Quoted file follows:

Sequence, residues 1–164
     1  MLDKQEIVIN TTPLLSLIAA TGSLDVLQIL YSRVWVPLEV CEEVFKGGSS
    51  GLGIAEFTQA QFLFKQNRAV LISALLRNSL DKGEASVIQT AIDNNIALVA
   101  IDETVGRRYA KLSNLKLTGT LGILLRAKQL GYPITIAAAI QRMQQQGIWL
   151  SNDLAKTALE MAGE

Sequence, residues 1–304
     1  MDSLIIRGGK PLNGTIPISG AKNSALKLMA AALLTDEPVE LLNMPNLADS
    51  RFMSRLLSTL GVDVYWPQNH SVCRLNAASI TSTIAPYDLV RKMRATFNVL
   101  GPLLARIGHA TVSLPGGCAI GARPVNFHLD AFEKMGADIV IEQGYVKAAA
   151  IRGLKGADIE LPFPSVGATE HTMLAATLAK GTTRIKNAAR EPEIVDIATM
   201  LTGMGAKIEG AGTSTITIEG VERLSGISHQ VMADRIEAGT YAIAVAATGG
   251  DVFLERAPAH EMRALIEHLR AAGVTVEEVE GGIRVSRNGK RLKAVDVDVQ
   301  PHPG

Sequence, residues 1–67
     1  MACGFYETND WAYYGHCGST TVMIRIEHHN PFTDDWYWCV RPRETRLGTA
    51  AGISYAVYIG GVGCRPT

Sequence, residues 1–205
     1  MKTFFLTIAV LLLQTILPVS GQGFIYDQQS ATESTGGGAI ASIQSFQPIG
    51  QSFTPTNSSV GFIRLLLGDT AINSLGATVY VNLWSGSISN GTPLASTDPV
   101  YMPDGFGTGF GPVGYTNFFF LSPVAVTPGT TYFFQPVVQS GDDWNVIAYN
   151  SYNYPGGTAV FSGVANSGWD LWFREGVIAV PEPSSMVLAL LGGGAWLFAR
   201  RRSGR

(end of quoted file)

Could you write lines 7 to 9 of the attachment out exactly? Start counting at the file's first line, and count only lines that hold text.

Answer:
     1  MDSLIIRGGK PLNGTIPISG AKNSALKLMA AALLTDEPVE LLNMPNLADS
    51  RFMSRLLSTL GVDVYWPQNH SVCRLNAASI TSTIAPYDLV RKMRATFNVL
   101  GPLLARIGHA TVSLPGGCAI GARPVNFHLD AFEKMGADIV IEQGYVKAAA